So there you have it: Not making out with your son will actually CAUSE future relationship issues. I will enthusiastically kiss Max on the mouth for as long as he’ll let me. I do draw the line at watching soap operas with him, however.

Pick-your-chip pumpkin cookies

pick-your-chip-pumpkin-cookies-amyomAs I’ve mentioned before, I could eat pumpkin all day, and I have indeed been eating these cookies with coffee for breakfast, and for dessert after lunch and dinner, and treats in between… I made half with chocolate chips, as the recipe on Sally’s Baking Addiction calls for, and half with white chocolate chips, which I suspected I would like better. And I was right! The flavor reminded me of pumpkin spice puppy chow, which my sister-in-law over at Daily Cup of Kate introduced me to a few years ago and has been a favorite fall indulgence since. My husband preferred the chocolate, though.

I took them to my New Mom Group’s Halloween party and thought they might break the tie, but everyone was too polite to take more than one or voice a preference… the babies were pretty pissed they weren’t allowed to taste-test.

12193607_10206901783756510_8904250818703898847_nRecipe (adapted from sallysbakingaddiction.com/2013/09/04/pumpkin-chocolate-chip-cookies)

  • 1/2 C unsalted butter, melted
  • 1/4 C packed brown sugar
  • 1/2 C granulated sugar
  • 1 t vanilla
  • 6 T pumpkin puree
  • 1+1/2 C flour
  • 1/4 t salt
  • 1/4 t baking powder
  • 1/4 t baking soda
  • 1+1/2 t ground cinnamon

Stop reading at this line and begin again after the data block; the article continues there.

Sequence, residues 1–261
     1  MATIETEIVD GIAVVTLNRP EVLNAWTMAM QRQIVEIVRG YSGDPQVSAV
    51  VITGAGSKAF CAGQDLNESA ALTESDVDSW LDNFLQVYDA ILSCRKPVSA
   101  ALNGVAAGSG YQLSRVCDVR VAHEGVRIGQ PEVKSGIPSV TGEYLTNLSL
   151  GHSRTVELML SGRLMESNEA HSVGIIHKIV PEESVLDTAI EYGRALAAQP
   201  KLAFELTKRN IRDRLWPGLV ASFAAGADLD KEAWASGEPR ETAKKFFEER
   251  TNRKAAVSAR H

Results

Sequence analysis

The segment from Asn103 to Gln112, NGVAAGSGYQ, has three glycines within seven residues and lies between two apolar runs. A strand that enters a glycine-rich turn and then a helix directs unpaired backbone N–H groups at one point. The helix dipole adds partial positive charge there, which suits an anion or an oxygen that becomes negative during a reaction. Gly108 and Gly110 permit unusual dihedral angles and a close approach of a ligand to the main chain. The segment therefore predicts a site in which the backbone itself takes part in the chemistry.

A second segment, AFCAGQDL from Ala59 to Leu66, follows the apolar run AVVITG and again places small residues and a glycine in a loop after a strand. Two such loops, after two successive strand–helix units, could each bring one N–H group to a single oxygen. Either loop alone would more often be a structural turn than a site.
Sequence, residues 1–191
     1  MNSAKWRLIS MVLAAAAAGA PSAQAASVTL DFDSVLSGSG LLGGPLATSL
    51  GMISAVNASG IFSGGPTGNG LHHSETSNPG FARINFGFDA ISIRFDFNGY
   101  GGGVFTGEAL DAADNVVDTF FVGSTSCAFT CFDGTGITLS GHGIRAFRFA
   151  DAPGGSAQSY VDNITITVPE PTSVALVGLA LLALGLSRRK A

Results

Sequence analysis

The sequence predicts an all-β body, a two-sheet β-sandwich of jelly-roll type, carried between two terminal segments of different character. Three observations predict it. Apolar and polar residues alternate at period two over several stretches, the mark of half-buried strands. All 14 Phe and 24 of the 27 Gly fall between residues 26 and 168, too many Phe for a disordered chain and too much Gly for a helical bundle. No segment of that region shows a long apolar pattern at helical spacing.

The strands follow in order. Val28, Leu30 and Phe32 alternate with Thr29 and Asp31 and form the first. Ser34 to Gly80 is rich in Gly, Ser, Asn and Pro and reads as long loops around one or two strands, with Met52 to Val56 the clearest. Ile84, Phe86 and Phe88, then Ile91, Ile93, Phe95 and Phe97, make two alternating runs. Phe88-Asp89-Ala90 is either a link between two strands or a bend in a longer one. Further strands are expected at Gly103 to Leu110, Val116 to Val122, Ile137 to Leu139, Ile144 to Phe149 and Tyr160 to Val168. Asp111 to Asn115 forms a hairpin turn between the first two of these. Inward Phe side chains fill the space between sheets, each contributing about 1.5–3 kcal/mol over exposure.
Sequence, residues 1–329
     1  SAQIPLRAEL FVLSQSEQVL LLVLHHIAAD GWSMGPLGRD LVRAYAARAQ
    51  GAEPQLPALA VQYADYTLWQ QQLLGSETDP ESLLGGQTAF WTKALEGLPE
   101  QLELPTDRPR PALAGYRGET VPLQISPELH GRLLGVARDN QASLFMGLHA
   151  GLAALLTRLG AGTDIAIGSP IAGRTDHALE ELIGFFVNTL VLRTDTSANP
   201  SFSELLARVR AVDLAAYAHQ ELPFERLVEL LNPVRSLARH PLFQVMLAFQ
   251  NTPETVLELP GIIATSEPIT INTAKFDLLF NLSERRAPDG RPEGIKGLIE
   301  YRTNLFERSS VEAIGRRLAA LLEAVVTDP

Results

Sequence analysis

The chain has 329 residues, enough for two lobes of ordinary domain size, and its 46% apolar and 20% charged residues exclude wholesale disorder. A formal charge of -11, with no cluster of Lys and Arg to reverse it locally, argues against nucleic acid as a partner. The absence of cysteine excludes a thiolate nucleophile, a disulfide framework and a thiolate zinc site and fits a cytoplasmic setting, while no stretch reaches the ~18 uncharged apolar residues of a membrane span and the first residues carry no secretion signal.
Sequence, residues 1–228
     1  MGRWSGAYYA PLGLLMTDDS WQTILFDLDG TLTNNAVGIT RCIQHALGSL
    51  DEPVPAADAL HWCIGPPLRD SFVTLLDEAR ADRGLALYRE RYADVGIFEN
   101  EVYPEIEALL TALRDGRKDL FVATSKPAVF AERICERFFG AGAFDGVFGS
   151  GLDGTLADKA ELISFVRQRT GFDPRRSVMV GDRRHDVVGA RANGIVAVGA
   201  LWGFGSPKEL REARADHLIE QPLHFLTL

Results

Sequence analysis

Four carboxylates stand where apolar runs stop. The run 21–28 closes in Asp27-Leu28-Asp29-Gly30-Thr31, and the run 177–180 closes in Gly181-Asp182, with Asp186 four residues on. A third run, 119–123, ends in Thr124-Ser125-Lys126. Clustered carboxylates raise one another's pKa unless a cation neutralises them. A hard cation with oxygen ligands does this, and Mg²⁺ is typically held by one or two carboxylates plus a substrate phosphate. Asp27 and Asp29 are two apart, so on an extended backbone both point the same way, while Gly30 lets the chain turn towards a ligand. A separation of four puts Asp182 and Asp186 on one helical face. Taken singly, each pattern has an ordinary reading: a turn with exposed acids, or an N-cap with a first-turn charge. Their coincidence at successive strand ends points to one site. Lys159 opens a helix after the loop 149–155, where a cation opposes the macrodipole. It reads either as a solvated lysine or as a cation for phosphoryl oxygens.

• 1+1/2 t pumpkin pie spice
  • 1/8 t ground cloves
  • 1/8 t allspice
  • 1/2 C white chocolate chips or dark chocolate chips

In a medium bowl, mix melted butter, brown sugar and granulated sugar. Add vanilla and pumpkin and mix until smooth. In a large bowl, combine flour, salt, baking powder, baking soda and spices. Pour the wet ingredients into the dry ingredients and mix. Add chips last. Cover the dough and chill for at least 30 minutes.

Take dough out of the refrigerator, and preheat oven to 350°F. Roll the dough into small balls and place onto parchment paper on baking sheets. Press down onto balls with your palm to slightly flatten. Bake for 8-10 minutes – option to press additional chips into cookies after taking them out of the oven… I was putting a baby to bed when my second pan came out via husband, and actually didn’t miss the extra chips!

I usually can’t be bothered with recipes that insist on annoying steps like chilling and parchment paper, but I actually started making this one before I read through all of the directions… and it was worth the extra time! The cookies have a soft texture somewhere between cakey and brownie-y… and a festive fall kick.